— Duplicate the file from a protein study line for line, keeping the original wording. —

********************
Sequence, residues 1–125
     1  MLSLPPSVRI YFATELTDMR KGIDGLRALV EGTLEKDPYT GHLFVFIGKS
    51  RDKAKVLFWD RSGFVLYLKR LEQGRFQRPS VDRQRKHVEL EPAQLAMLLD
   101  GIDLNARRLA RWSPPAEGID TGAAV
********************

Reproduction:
Sequence, residues 1–125
     1  MLSLPPSVRI YFATELTDMR KGIDGLRALV EGTLEKDPYT GHLFVFIGKS
    51  RDKAKVLFWD RSGFVLYLKR LEQGRFQRPS VDRQRKHVEL EPAQLAMLLD
   101  GIDLNARRLA RWSPPAEGID TGAAV